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Lecture 2

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This is Economics 252, Financial Markets and I am Bob Shiller and let me begin by introducing the teaching fellows for this course, and so I have them up here We have 5 teaching fellows at this time and they are from all over (the world) I like to put their pictures up so you know who they are the teaching fellows are very international and that reflects my intention to make this a course, which is also very international Because finance is something about the whole world today Not just the United States. So, we cover the world very well with our TAs Usman Ali is from Pakistan, Lahore and graduated from LUMS, Lahore University of Management Science He is a PhD candidate, now in Economics and is doing his doctoral dissertation on stock analysts' recommendations and their relations to returns on the stock market He is also interested in behavioral finance which is the application of psychology to finance the second teaching assistant, I see him right there. -you can raise your hand, is Santosh Anagol, who is our representative of the United States although he seems to have connections to India as well he actually has a publication already in the American Economic Review on the return to capital in Ghana and he did this jointly with the chairman of the Economics Department here, Chris Udry and he has spent time in India, looking at the village economies and you were gonna be giving away cows, did you do that? .... we are not giving them away That's the last time you'll here about cows in this course but the idea was to give cows away to village farmers and to observe the outcome, it is a big change in some of this very poor villages to get a cow Christian Awuku-Budu is from Ghana, Accra but he again went to college in the United States, Morehouse College and he is also our PhD candidate in Economics at Yale and he's been doing research on financial markets in developing countries Yaxin Duan is from China she got her undergraduate degree from Nanjing University No? -You were from Nanjing, did I get a detail wrong? Where did you go to college? - ... - OK well, so, I am sorry about that She is also a PhD Candidate in Economics is doing research on the behavior of options prices in a phenomenon called the "Options smile" and she is smiling at me right now. And she is also interested in behavioral finance Which is great to me, because it's one of my interests She is shown here standing precariously on a cliff makes me nervous to look at it, overlooking Machu Picchu in Peru and she also loves astronomy which is incidentally an interest of mine too, but you won't here about it again in this course And finally Xiaolan Zhou is a our fifth teaching assistant and she is also from China, Hubei province. Graduated from Wuhan University. and PhD candidate in Economics at Yale and is doing research on bank mergers. OK. So, let me say. I've been teaching this course, now for over 20 years And I am very proud of all of my alumni Many of them are in the field of finance In fact, I like, sometimes, when I give talks I give a lot of public talks. When I give a talk on the Wall Street or even somewhere else in the world I sometimes ask my audience Did you take my course? And it's not infrequent that I get one or even two people raising their hand that they took Economics 252 from me But I am also proud of my alumni in this course who are not in the world of finance I think this course goes beyond It's not just for people who are planning careers in finance Because finance is a very important technology and it's very important to know finance to understand what happens in the real world Just about any human endeavor involves finance You might say: "I could be a poet, and what does that have to do with finance? Well, it probably ends up having something to do with finance Because, as a poet, you probably want to publish your poetry, right? And you gonna be talking to publishers. And before you know it they are going to be talking about their financial situation and how you fit into it So I believe it's fundamental and very important and so I think You will find this course as not a vocational course Not primarily a vocational course but an intellectual course About how things really work. I mean, I see finance as the underpinning of so much that happens It's a powerful force that goes behind the scene And I hope we can draw that out in this course There is another course. We have two basic course in finance for undergraduates at Yale. The other one is Economics 251, Financial theory This is Financial Markets, that one is Financial Theory Last year it was taught by Rafael Romeu because John, Geanakoplos who usually teaches the course was on leave and so we had to find someone else. But I assume that next fall John Geanakoplos will be again teaching 251. So what happened? Why do we have these two courses? Well it was something like eight years ago that we reached the present situation with two finance courses. John Geanakoplos and I had a meeting and we tried to divide up the subject matter of finance into two courses. We thought Financial Theory and Financial Markets would be the two. But the problem was that both John and I are interested in both theory and applications. John Geanakoplos is actually Chief Economist for the large investment company called Ellington Capital in Greenwich, Connecticut. which you'll see a lot in the news. It has been very successful. And so he is very much interested in the real world and so am I interested in financial theory, so we find it we decided, after talking about it, that we really can't divide up the subject matter of finance into separate courses on theory and practice. The either one, if you tried to do one alone it would not work, so what we decided to do was to divide it up imperfectly and there may be some repetition between our two courses. Both of them are self-contained courses, so you could take either 251 or 252, or you could take both. I think maybe the best option is to take both if you're really interested in the subject matter. It is true though that his course is more tuned into theoretical detail than mine. John is a mathematical economist and we both love mathematics, but maybe John is going to do more of it than I am. This course actually will not use a heavy amount of mathematics. I try to keep it so that people who are not comfortable with a lot of math can take this course and I wanted to emphasize that this is--I've said that it's I think this course is vocational preparation in a sense. I pride myself on the fact that people who have taken this course find it useful in their subsequent lives, but on the other hand I think that it's really interesting. At least I find it really interesting and so I hope that you will too. Now I don't know, I may be different than other people, but I think organic chemistry is really interesting. How many of you have that feeling? Can I get a show of hands, who is interested in organic chemistry? Oh-oh, I'm not getting a lot of hands raised. Unfortunately, I've never taken a course in it, but I've started reading it lately out of just my broad intellectual interest. That is a course that has a bad reputation, doesn't it? Because people say I've got to take that if I want to be pre-med. But, you know, to me there's a lot of detail in organic chemistry. To me, when you read the detail you're getting into something deep and important about the way everything works and so I start to find it interesting. So I don't know how people feel about taking... --maybe I'm turning you off by saying this-- There's going to be a lot of detail in this course. Maybe I made a big mistake by likening it to an organic chemistry course --I don't mean to turn you off. The idea in this course is that it being a financial markets course, is you have to know how the world works. We're going to be thinking about that in connection with Financial Theory, but we have to get into the details; so we are going to be learning about facts. Let me start by talking about the textbooks. So the principal textbook is Frank Fabozzi, the other authors are Modigliani, Jones and Ferri, Foundations of Financial Markets and Institutions. This textbook is very detailed and it may be --I've had some reactions by students-- -"It's more than I wanted to know". But, I actually had a great experience reading it. Actually, it was an earlier edition. when I first assigned this book in the year 2000, I took it with me on vacation. I was going to the Bahamas with my family and with Jeremy Siegel's family--we'll come back to Jeremy Siegel in a minute. I sat down by the pool with this book. Other people were reading novels and I don't know what, but I was reading Fabozzi. I had such a great time with it, so I'm telling you my experience. Maybe it was because it was filling in gaps in my knowledge things I've always wanted to know and was always curious about. That's partly what you have to develop when you get interested in a field: some sense of curiosity about all the details. So I read the whole book, 650 pages, maybe I kind of speed-read it because I knew a lot of it. It might take you a little longer to get through it, but I wanted you to have the same experience. I've been assigning this book, now it's in another edition and--Fabozzi is working on a fourth or next edition, I forget what number. I've been assigning-- I've gotten some complaints from students that this book is tough going because there's so much information in it. I used to tell people, that " I'm assigning the whole book and you have to know everything in the book. OK-- That's a little ambitious. I finally backed down because I met a man on Wall Street, a very prominent Wall Street person, and he said, "You know, my son started to take your course." I said, "What do you mean started the course?" He said, "Well, he dropped out when he saw this book and my requirements." I didn't like that. I don't want students to drop out. So what I decided is to say that you need to know the whole book in the sense that you need to know all of the key terms and key points. Now if you look at the structure of this book, it has sections that say Key Points and Key Terms. OK Anything that's said there is fair game for me in an exam and so that's the way I've done it. There are key points and key terms. Also, anything in my lecture is of course fair game for the exam. Let me also add that I have a reading list that has clickable things on it and also things that are on reserve in the library. Anything that's clickable is required reading. I don't expect you go to the library, however, because I think that we're moving into an age where you tend to want to be online, right? So the library books are all optional background. Fabozzi, a faculty member here at Yale, has offered to give me --we have at least one chapter from the new edition that hasn't come out yet. I'm going to put that on reserve in the library; but again, I think that the edition that you have is reasonably up to date and so that's all that I'm expecting you to read. The other author, Franco Modigliani --in the book, the second author--was my teacher at MIT. He died in 2003. He is also a Nobel Prize winner and I think has a remarkable intellect. So this book, Fabozzi, et al.--Fabozzi, Modigliani, Jones and Ferri --is a very solid book about financial markets. The second book that I'm assigning is Jeremy Siegel, Stocks for the Long Run. This is an old friend of mine. I met him in graduate school. Funny story, I met him because at MIT they signed us all up for chest x-rays alphabetically, that's the way MIT does things, an orderly way. Shiller and Siegel are next to each other in the alphabet so I was standing in line with him for an x-ray and was talking with him so and I've known him ever since. A funny coincidence is that since our names are close in the alphabet you often find our books right together in bookstores because Shiller and Siegel--if they're shelving alphabetically --would end up together. He wrote a book called Stocks for the Long Run, starting in 1993. It just came out with the fourth edition, and that book was a best seller. I think it sold over a half million copies. I'm not sure where it is up now but it has done very well. It's been a perennial classic. It emphasizes the long run performance of the stock market, but it's really a general treatise on financial markets. I get a very good reaction from students about this book. This one is very readable. It's not as intense as Fabozzi, et al. Jeremy Siegel has the unique distinction --Business Week did a poll asking MBA's who was their favorite professor. This was about ten years ago. They ranked business school professors according to their popularity. He came out number one in the United States as business school professor. I think you'll like this book. The next book is my own, called Irrational Exuberance. This is the last book --That's a phrase that was coined by Allen Greenspan in 1996 and it refers to the stock market boom of the 2000s --of the 1990s and the boom and the bust --well I think it's related to the bust that came out later, after 2000. I wrote this book in 2000 right at the peak of --fortunately right at the peak of the stock market. But what I'm assigning to you is the second edition, which came out in 2005, pretty much at the peak of the housing market. We're going to talk about both the housing market and the stock market in these different books. These books are all on sale at Labyrinth Books, which is an independent bookstore here in New Haven. I put it there because, well, I think the major chain bookstores fulfill an important function but I'd like also to support independent bookstores. I don't know if you know the story, but Labyrinth Books is independent, it's not a chain, and independent bookstores are trying –struggling--to survive. This is finance. In the book business, there's something difficult about maintaining an independent operation. Labyrinth was at Columbia University and Yale. For some reason they shut down their Columbia bookstore, but they've opened up now in Princeton. There was this famous bookstore in Princeton on Nassau Street called Micawber's, which is a wonderful bookstore. I've been in there a number of times. But they just went out of business. Labyrinth has moved in to take their place. Anyway, that's where all the books are and they, I checked, are available now. We're going to have these lectures on Mondays and Wednesdays. We're going to have T.A. sections in the second part of the week. We're going to ask you to look at your schedule sometime before our next lecture and think about when you can come to a teaching assistant section. They will be Wednesday, Thursday, and Friday and we have six problem sets. The six problem sets are due generally on Mondays and we'll go over the problem sets in the teaching sections, several days after you turn them in. This is one of the biggest classes at Yale, but I think we've got it so it will be a good and satisfying experience for you. We have very qualified--I'm very impressed with our teaching assistants. The important thing is for you to stay with them and get to know them and I urge you to attend the T.A. sections. The course is going to be graded. We have two mid-terms and one final. The in class mid-terms--the grades will be roughly 10% problem sets, 20% first mid-term, 30% second mid-term, 40% final. But nonetheless we will also use judgment and I'm going to appeal to the T.A.'s to help me on judging the grading. to the T.A.'s to help me on judging the grading. Also, I ask the teaching assistants to give me little capsule descriptions of you so that ten years, or 20 years from now, I get a call from a reporter asking about this illustrious person who was once my student, I can have something to prod my memory. That's why I hope you'll stay with --you'll each find a teaching assistant and will stay with that person. So, I want to say something about a particular interest of mine because it is part of this course, although not the entire course. Behavioral finance refers to a revolution in finance that has occurred over the last 10 or 20 years and that is incorporate --Behavioral finance is the theory of finance mixed in with the theories of other social sciences, notably psychology, sociology, political science, and anthropology. I think it's the most important revolution in finance of the last couple decades. Maybe I'm biased because I've been very much involved in it. I've been organizing workshops in behavioral finance at the National Bureau for Economic Research since 1991 with Dick Thaler at the University of Chicago. We think that we're avant-garde of a major revolution. The unity of the social sciences is, I think, very important. It's a mistake to try to consider finance in isolation. There is a whole array of other information related to finance. This will be a theme of my course and of course it's also a theme of this book here, Irrational Exuberance. That's what exuberance refers to--it's a psychological term. So that's an important element of this course. Another thing that I will be talking about is less important to this course but you have heard of this: the subprime crisis. This is the big financial event that is hitting the United States and the entire world right now. I'm actually writing another book about this. It's not done in time for you to read but I think I will have it done at some time during this semester. What does it mean? "Subprime" refers to the mortgages that were made mostly over the last ten years or so to subprime borrowers. A "subprime borrower" is somebody who has a poor credit history or some other indication that would suggest that they might not be able to repay the mortgage --they might default. The industry, subprime lending, has grown dramatically over the last ten years and, as you probably know, it's in big trouble now What's happening is the housing market is dropping, home prices are falling, and people are defaulting in record numbers, and there are foreclosures. What happens if you don't pay your mortgage? If you buy a house and you don't pay the mortgage, the contract says you lose the house--you're out --you've got to pay or it goes back to the mortgage originator. This crisis is very interesting to me because it's had so many ramifications throughout the financial world. It's exposing defects in many of our biggest financial institutions and every day we see more news about failures, huge losses, resignations, or firings of top finance people. So it's a very interesting time in finance. These things happen from time to time, but they happen with enough regularity that there's something we really want to understand as a systematic phenomenon. So that's another thing that I will be talking about. Let me make another point about technology. Finance, I believe, is a technology and that means it is a way of doing things. It has a lot of detail. A financial instrument is like an engineering device. Here I'm tying to the engineering school --Is anyone here from engineering? A couple of you, well this could be --In fact, some engineering schools offer courses in finance, did you know that? Engineers find it congenial because they have a way of thinking constructively about the world that is kind of parallel to finance. We have theories--mathematical theories --that lead us to devise financial structures, and financial structures are complicated devices just like engines or nuclear reactors. They have a lot of components and they have to work right. When people first devise some new financial instrument it typically has trouble. Like when they devised the first engines or the first nuclear reactors, it didn't work so well at first and then from the experience of many people working on it, over many years, a body of knowledge emerges and that's what we call technology. So technology is a powerful force in our society and I respect power of this kind. That's why I like to follow it up. But technology is also dangerous. Nuclear power, for example, it may be our salvation when we run out of oil --or virtually run out of oil --it seems to be coming up over the next several decades --we're going to have to do that,we're going to need nuclear power. But it's also dangerous, as you know. The same thing is true about finance. I think that, in a sense, the subprime crisis that we have is an example of the dangers of new technology. We have been seeing financial technology advance in recent years and this advancement of technology has brought us some problems. Some people want to go back, some people think, there's a lot of anger about the subprime prices and there's some anger expressed against the financial community. I think that we should be very careful not to let that deflect us from the recognition that this is important technology and that it's not the technology that's at fault; we have to get it right and then it will be powerful. I've had some experience giving talks in less developed countries. I'm not a development economist. Now a development economist--that's Santosh's field --Development economics is a very important field in economics which is helping less developed countries emerge. I'm very proud to say that Yale has a strong department at the Growth Center on development economics. I'm not a development economist. Nonetheless, when I've spoken in less developed countries, I find that they're really interested in finance. I think that's because there's a growing recognition that that's what you need to know and that the countries that are emerging successfully are those that have well developed financial institutions that are adopting the technology. They have to adapt it to their own situation, but in many ways they're copying technology. There's nothing bad about copying technology, that's what everybody does. When somebody invented the automobile, before you knew it everyone was driving automobiles and they all looked pretty much the same. When someone invented the airplane, before you know it had an airplane, that's because there was a best practice, there was a best technology and it's not unique to any one country. So that's why I view this course as fundamentally about technology. I want to say something about morality and about mixed feelings that people have about finance. I know that undergraduates --I don't know how you feel about finance. Some people have a reaction --If you say you're taking a course in finance, they think that maybe you're selling out or maybe you value money too much and that you should really be in some other field. This is a longstanding conflict in our thinking. There is some contempt for finance, I believe, because it makes so much money for many people. Many of our students go into finance. Yale is very strong in providing people to the financial community and, I have to say, they do very well. My first advice is if you want to make money, which I don't particularly advise, but if you do it's not a bad idea to go into finance. Just as, you know, you can make a lot of money with organic chemistry too. I think that what you have to do as a young person is develop your human capital and that means knowing how to do things. But there is hostility toward finance that I think is very fundamental to a lot of our thinking. I wanted to say something about that. Part of it is that some people in finance get so rich. If you look at the list of the richest people, they're all connected to finance, right? I mean they understand it. Maybe they're not –-Maybe they're in publishing or some other field but they understand finance and a lot of them are directly in finance. So what do we make of that? Well part of it is that we get very --We get a sort of jealousy of these people because why should someone have billions of dollars? Did they really deserve that? some people get self important –who make a lot of money -and they end up not making a lot of friends in the process. The Yale University Press is publishing a new book by Steve Fraser about Wall Street. He gives examples in this book about hostility toward --it goes way back--In Fraser's book he gives an example of I've never heard of this person before, but William Durr, -- who was a financier in colonial America in the 1700s, made a lot of money and helped finance the Revolutionary War in the United States. He ended up being chased down the street by an angry mob. People hated him and why was that? Well it was partly because he got so rich and he started wanting to show off. He had what they called "livery servants," not just servants, but servants who were wearing livery, which means like a military uniform. It looked like aristocracy coming back in the form of rich financial successes and we don't like that. There is a feeling of hostility toward that. There has been a long discussion about what people owe each other and how okay it is to try to make money. I don't know if you remember --I have to start erasing here --one of the most well known Yale professors of the nineteenth century was William Graham Sumner, who wrote a famous piece called, What Social Classes Owe to Each Other. Sumner graduated from Yale in 1863. He was a member of Skull and Bones --have you heard of that? You know that group? He spent his entire career at Yale and he wrote --He was Head of our social sciences department, that's before we had separate departments of economics and psychology, etc. He was a very prominent exponent of the idea that people should go out for their own interest. One social class does not owe anything to another and we should not feel guilty about pursuing financial interests. That led to a whole attitude among a good segment of our society that it's okay to go out and make money because making money means doing productive things for the economy and ultimately it's a benefit to society. But we have some discomfort with that. Another book, which I haven't put on reserve yet but I'm going to put it on reserve, is by Peter Unger, who is a philosopher. It's a remarkable book called Living High and Letting Die that refers to a more broad philosophical issue that we have. It is that most of us are really making money for ourselves --that's what we do with our lives --and whether or not that is moral. It's not just rich people who do that --the rest of us do it also --and in Peter Unger's book he --On the first page, he has an address and it's an address for UNICEF, which is the United Nations Children's Fund, and he starts out his book with that address where you could send money right now. I thought it was very impressive that he put that on page one of the book because it puts the reader in a moral dilemma. He points out that it's estimated that of every $3 you send to UNICEF, you can save a life. That's because there are people in this world who are not getting medical care. There are people who are dying of diseases for which there are known cures because they don't have the best medicine, which are often not even expensive but they're living in such poverty. So he says, why don't you stop right now and send $100 to UNICEF. It was very impactful to start a book that way because I doubt that hardly any readers actually write out a check on the spot to UNICEF; but if you don't, then you are in some sense responsible for the loss of 30 lives. It's quite striking and it helps you to reflect on what makes us behave the way we do. By the way, when you go back to your computer, Google UNICEF, and you can give $100 to UNICEF you can do it within the hour. Maybe I could ask for a show of hands of how many people did that. I expect that not many of you will and I don't think that proves that you are bad people --this is a very interesting philosophical question --but what it means is that there is a moral dilemma underlying all of our economic lives and I think this moral dilemma is the same as the moral dilemma in finance. It's just that people in finance are sometimes very successful and they could give a lot more than $100 to UNICEF. One thing that I wanted to emphasize in this course or try to emphasize, is that part of finance is actually philanthropy. The most important--The most successful people in finance, I believe, end up giving the money away and that means --you can't consume a billion dollars. There's no way that you can do that. You can only drive one car at a time, and if you have five cars--well I mean that's kind of --all right you could have five cars and you could drive a different one everyday, but it's starting to seem a little ridiculous, right? At any rate, you're not using them and they're going to end up being used by somebody else. So I think the outcome should be philanthropy and those of you who are successful really ought to give it away. I'm bringing in outside speakers as part of this course and, among them, I'm want to bring in people who I think have been philanthropists. That's the mode of thinking that is most attractive when you think about financial markets. So let me tell you about --I have slots now for four outside speakers. I've lined up two of them and let me tell you about the two that I've already lined up. The first one is our own David Swensen. David Swensen came to Yale University in 1985 from Wall Street, although he was a Yale graduate. At that time the Yale endowment was about actually slightly under one billion dollars. What is the endowment of Yale? The endowment is defined as the financial assets that Yale University owns. Yale also has an art collection, which is worth many billions, but we don't count that as part of the endowment because they will never sell it so it doesn't provide income for us. Yale also has a physical plant, like this beautiful building that we're in, but that's not part of the endowment either. The financial assets that Yale had, at that time, were about one billion dollars. Since then, David Swensen has invested or has managed the investment of this endowment and it has done phenomenally well. Yale now has over twenty-two billion dollars in its endowment. The return he got from 1996 to 2006 was 17% a year on investments. Last year the return on the Yale portfolio was 28% in one year. Now I don't know how impressed you are, the year before that it was 22% in one year. Now some of this might be luck but I don't think it's all luck because he's done this consistently for so many years. If you look up around this campus now, you'll see a lot of construction a lot of things are being spruced up and improved. I think David Swensen has had a big hand in doing that because it's having the money that makes it possible. The endowment at Yale is something like two million dollars per student now that's just sitting there as money that could be spent. How did he do this? That's one of the amazing things. It seems to have something to do, I think, with academic understanding. That being part of a university community is a good thing for investing and you can see some evidence in that. Harvard University, Princeton University, and other universities have done extremely well on their endowments; however, not quite as well as Yale. Yale, I think, is the number one performer so it's very interesting that we're able --it's very significant that we're able to get David Swensen. He doesn't do a lot of public speaking but he is willing, for young people like you, to do this --so that's one of our outside speakers. He also has two books about investing that we'll talk about. The second person I have set up now to come --although the date on the syllabus online is going to be changed --is Andrew Redleaf, who is also a Yale graduate and who set up a hedge fund called Whitebox Advisors. and has done phenomenally well in investing. I think --I have on the syllabus a New York Times article about him. He's a very original and creative thinker who looks at things from a unique perspective and I find it very interesting talking with him. Because to do well in investing you have to have your own independent view of things and really be thinking about how things work and he is someone who does that Incidentally, the New York Times had another article about Redleaf, saying that he was really one of the first persons to clearly delineate the subprime crisis that we're now in. He saw it coming and, I have to say, profited from it. If you know the subprime crisis is coming, then there's always a way to profit from that and that's what he did. But he also has a philanthropic side so it all comes out very well. I think in the remaining time I will just go through an outline of the course and that means go through the topics of the various lectures and then I'll let you go for today. So the way this course is divided up is different than the Financial Theory course. If you look at John Geanakoplos's course on Financial Theory, his mathematical concepts are central to his outline of the course; but this being a Financial Markets course, I'm dividing it up more in terms of markets and institutions. I still want to start with some theory and I thought that --well I will--I plan to start by talking about the most basic concepts of risk management, which underlie finance. That will be Wednesday's lecture. I call it the universal principle of risk management pooling and the hedging of risk. I think it's the most important theoretical concept that underlies finance and insurance, which we'll also talk about a little bit in this course. The idea is that if you spread risks they don't disappear, they're still there, but they're spread out over many people and the impact on any one person is reduced. So a basic principle of insurance is if each person or each family suffers the risk, for example, that a parent, father or mother, might die which is a terrible blow to the family; but it's not a blow to society as a whole because people die and it has a certain statistical regularity. It makes sense that we pay families who have lost a father or a mother so that they can keep going. It benefits everyone to have a situation in place for that. I wanted to talk about that with a little bit of reference to probability theory and so that's what I will be covering. The next lecture will be among the more mathematical, although it's very elementary. If you had a course in probability and statistics, then you'll find it easy to follow, but it's self-contained again. I feel like I have to introduce concepts like variance and co-variance and correlation in order to talk about finance; so that's what we'll do in Lecture Two. --in the next lecture I want to come back to some basic themes --the third lecture --about technology and it relates to another book that I wrote. I'm not assigning it, but I wrote a book called New Financial Order in 2003 about technology and finance. A theme of that book was that --I've already said this to you, but it's a very important point --financial technology is evolving and improving just the way engineering technology or biochemical technology is improving. It's getting better year by year and the course of finance over your lifetime will be dramatic, so the financial institutions that we have ten years from now will look very different from the ones we have now. One thing that we have to understand --in understanding the progress of financial technology --is its fundamental relation to information technology. Computers, the Internet, and communication devices are fundamental to financial progress and they make things possible that wouldn't have been possible before. Often, inventions that seem, in the abstract, to be good ideas may be impossible because something that you have to do to make it actually come into practice is too expensive and so it's not economic to produce the invention. But then developments in other fields can change the relative prices and suddenly make an idea that had been hypothetical and unapplied suddenly work well. So financial inventions also involve experimentation. Like in any other invention, nobody knows what will work and abstract theory doesn't guide you completely. Once an invention is seen to work it is rapidly copied around the world. We can see various breaks in financial history when some new idea was suddenly proven workable. Traditionally, financial inventions were not granted patent rights, but now in the United States and in a number of other countries it has become possible to patent financial inventions. I know I've done that in my life and so I think it gives a different perspective on finance. Then I want to talk about insurance. The institution of insurance is something that really came in--it's one of the earliest --I consider it a division of finance --really came in the 1600s when probability theory was invented. The mathematical theory of probability was unknown until that time and you can see that insurance suddenly made an appearance at that time. This will be an historical as well as a theoretical discussion of insurance. Then I will move to portfolio diversification and supporting financial institutions. This is again a more theoretical lecture. It will be about the capital asset pricing model. It will be about the securities market line, about the beta, about the mutual fund theorem, and it will also be about institutions that we have --about investment companies and their management. So it's really parallel to an insurance discussion. Insurance pools risks like life risks or fire risks by writing policies to individual policyholders. Portfolio management pools risks in a different way: by assembling a diversified portfolio or a portfolio that's negatively correlated with a risk that someone has. Then I want to go to the efficient markets theory. "Efficient markets" theory is about well, it came in about three decades ago, maybe it's closer to four decades ago --it's a theory that financial markets work very well and incorporate information very well. The efficient markets hypothesis was encouraged --actually the idea goes back over 100 years --it's encouraged by the observation that financial markets seem to respond with great speed to new information and, when new information appears, prices will suddenly adjust in the financial markets. Certain kinds of financial markets called "prediction markets," which may, for example, predict the outcome of an election have been seen to be very accurate predictors, often better than pollsters can manage. So there seems to be some deep wisdom of the market. I think that "efficient markets" is an important concept. On the other hand--and this is something that I want to emphasize --you don't want to carry that too far and one of the lessons of behavioral finance is that markets are not really efficient in a global sense. Human psychology drives markets a great deal. If markets were perfectly efficient, David Swensen could not have done what he did. It would not be possible to make excess returns in finance. I believe it's clear that it is and that people who do that are people who understand more than the core efficient markets theory. They understand something about human nature and how human nature interacts with our institutions. The next lecture is about behavioral finance and I want to talk in that lecture about research in psychology things that come out of another department here, the psychology department, which has traditionally been ignored in economics and finance but is coming back. I want to talk about Kahneman and Tversky's Prospect Theory, which is a very important and a this will be little technical --psychologists can become mathematical and technical as well. It'll be an important part of our understanding of financial markets. Then I want to talk in the next lecture about regulation, which means government oversight of financial markets and not just government oversight, there are also the so-called self-regulatory organizations that are created in the financial industry to self regulate. So, for example, FINRA, which used to be called The National Association for Securities Dealers, is a membership organization of people in the financial community and it imposes rules on its members. It's not a government organization but it is a regulator. The problem is that not everyone is nice and not everyone is high-minded and so financial markets--the success of financial markets is, in many ways, a success of regulation. Governments establish regulators who set down rules for participants in financial markets and these rules may be perceived as onerous and costly to people in the financial community, but ultimately it's their salvation it's what makes everything possible. After that, I want to talk about the debt markets. Debt is the simplest of financial instruments. It consists of a promise to pay, usually denominated in currency, and there are both long-term and short-term debt instruments. The shortest term debt instrument in the United States is the Federal Funds Rate which is an overnight rate--one day maturity --and the longest issued by the Government is a thirty-year government bond, that will be repaid three decades in the future. There have also been one hundred-year bonds and there have also been perpetuities that --in the UK, for example , the British Consoles --have no expiration date and they have infinite maturity. So the debt market is something worthy of study because it really represents a market for time itself. What is it that we're talking about when we talk about the rate of interest? It has units of time, it represents the price of time, and it is something that fluctuates through time as well in interesting patterns. They are very important drivers of our economy and our lives. The theory of the term structure is the theory of how interest rates differ according to maturity or term. There are not only debt instruments that are payable in currency, but there are also indexed debt instruments that are indexed to the price level so they give real interest rates. We've had episodes in our history when real interest rates have made major moves and these movements are very important for what is happening in our lives. Most recently--A few years ago, we were living in a regime of negative real interest rates, when the Fed was pursuing a very aggressive monetary policy. I suspect that with the subprime crisis the Fed will be pushing real interest rates down dramatically again and we may be in a period of negative real interest rates again. After that I want to talk about the stock market and I want to--there's a lot to talk about. Of course, stocks are shares in companies and they're traded on stock exchanges and they're interesting to analyze because there's sort of an ambiguity about stocks that is not widely perceived by a lot of people. That is, share repurchase can change the units of measurement in a security and companies have to decide on how leveraged the stock will be, so that changes the stock price --leverage, meaning how much debt the company takes on. Moreover, companies have to decide how much dividends to pay on the stock. That's a decision of the management of the company and we have to understand how they make that decision and what that means to people who are valuing stocks. It's a very simple idea. The idea of dividing a company up into shares and selling them off but in practice it involves a lot of complexities. We'll be talking about the Modigliani-Miller Theorem and related issues in this lecture as well as something about the behavior of the stock market and its tendency to go through dramatic movements. For example, like it has done recently if you've been following it earlier this year. The next lecture will be about real estate and that brings us into the subprime crisis and connects with interests that are central to my own thinking. The housing market is a huge market. Right now the total value of single-family homes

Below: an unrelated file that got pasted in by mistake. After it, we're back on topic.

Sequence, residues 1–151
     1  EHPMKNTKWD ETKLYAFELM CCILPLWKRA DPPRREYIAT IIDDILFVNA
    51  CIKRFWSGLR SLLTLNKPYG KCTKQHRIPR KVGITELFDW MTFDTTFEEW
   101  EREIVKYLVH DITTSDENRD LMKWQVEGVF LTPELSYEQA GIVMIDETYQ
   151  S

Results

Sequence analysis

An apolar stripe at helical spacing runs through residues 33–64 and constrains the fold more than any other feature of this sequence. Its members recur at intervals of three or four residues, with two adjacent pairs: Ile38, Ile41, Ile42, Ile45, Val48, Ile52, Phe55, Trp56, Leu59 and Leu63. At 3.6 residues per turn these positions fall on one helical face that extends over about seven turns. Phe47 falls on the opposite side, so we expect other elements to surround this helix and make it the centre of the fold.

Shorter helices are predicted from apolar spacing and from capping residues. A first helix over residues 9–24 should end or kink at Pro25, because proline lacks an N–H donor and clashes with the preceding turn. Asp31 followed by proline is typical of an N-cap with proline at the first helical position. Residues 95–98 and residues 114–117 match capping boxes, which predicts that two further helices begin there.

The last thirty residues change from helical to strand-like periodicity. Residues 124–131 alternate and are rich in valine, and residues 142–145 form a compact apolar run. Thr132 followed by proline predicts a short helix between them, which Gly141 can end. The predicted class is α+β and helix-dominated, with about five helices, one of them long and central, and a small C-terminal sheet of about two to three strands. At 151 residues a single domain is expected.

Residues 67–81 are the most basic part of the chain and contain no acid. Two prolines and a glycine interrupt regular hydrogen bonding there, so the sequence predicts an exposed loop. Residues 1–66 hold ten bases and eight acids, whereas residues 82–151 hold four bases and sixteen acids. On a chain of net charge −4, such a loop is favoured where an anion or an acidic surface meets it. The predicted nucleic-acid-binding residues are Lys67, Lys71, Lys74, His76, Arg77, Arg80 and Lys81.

Video Details

Duration: 1 hour, 14 minutes and 3 seconds
Country: Uzbekistan
Language: English
Views: 147
Posted by: yosh.uzbekistan on Dec 22, 2009

Lecture on economics